BY ALLEN JAY MAXWELL
O. Max Gardner was inaugurated governor of North Carolina January 11, 1929. At this time the State was surging with high purpose and was looking forward with confidence to a continuation of the golden era of progress. The eight years preceding, covering the administrations of Cameron Morrison and Angus Wilton McLean, represented a period of uninterrupted expansion of public service and public spending. In these eventful eight years North Carolina had been lifted from lethargy to perhaps the most dynamic commonwealth in the sisterhood of states. Schools, roads, institutions, and all departments of government had been touched with the stimulation of unprecedented growth. The state debt at the end of 1920 was $13,300,000. When Gardner took office eight years later it had risen to $178,264,000. The pride of the people was boundless. The General Assembly of 1929 could see no cloud upon the horizon. The financial seas gave no sign of the coming storm. Without delay it voted generous appropriations and adjourned. The credit of the State was excellent, the future brilliant with prospect. The captains of industry, almost without exception, were predicting a continuance of Coolidge prosperity.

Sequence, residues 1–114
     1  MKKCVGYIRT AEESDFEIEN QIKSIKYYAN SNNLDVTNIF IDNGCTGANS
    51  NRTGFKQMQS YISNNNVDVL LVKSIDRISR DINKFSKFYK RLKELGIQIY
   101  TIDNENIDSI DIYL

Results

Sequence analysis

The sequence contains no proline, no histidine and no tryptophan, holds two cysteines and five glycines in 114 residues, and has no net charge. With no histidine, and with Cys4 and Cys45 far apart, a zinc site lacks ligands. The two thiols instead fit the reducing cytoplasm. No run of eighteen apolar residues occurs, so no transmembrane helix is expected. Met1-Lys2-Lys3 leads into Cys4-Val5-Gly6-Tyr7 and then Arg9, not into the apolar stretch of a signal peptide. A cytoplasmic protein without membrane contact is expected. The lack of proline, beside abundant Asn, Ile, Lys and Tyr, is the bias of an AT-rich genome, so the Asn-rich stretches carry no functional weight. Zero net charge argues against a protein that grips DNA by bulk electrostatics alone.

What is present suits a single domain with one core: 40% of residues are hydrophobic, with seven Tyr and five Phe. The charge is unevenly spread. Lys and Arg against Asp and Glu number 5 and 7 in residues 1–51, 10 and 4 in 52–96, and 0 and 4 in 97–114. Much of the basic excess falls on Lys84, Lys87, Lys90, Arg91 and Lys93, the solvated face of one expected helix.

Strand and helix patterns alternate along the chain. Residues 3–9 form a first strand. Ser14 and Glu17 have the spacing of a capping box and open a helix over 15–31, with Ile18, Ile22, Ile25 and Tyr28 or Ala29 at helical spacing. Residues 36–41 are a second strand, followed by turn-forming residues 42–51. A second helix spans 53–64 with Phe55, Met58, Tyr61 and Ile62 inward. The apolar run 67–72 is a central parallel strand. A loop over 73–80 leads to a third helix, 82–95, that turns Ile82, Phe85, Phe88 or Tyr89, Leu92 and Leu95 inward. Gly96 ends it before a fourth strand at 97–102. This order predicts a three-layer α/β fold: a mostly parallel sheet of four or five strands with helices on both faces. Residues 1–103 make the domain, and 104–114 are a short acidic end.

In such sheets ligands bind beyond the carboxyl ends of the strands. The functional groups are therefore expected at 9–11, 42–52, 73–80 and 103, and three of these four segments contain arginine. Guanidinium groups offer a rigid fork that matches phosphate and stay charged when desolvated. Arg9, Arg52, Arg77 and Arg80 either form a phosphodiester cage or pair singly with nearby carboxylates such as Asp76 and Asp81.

The national speculative mania had reached a new high. On September 3, 1929, United States Steel sold at $261 per share, American Telephone and Telegraph at $335, and General Electric at $396. There appeared to be no top and the Nation sat serenely in the childlike faith of perpetual endowment of good times and unparalleled prosperity.
In October, without warning, the bubble burst. The Nation's joy ride was over. The big banks formed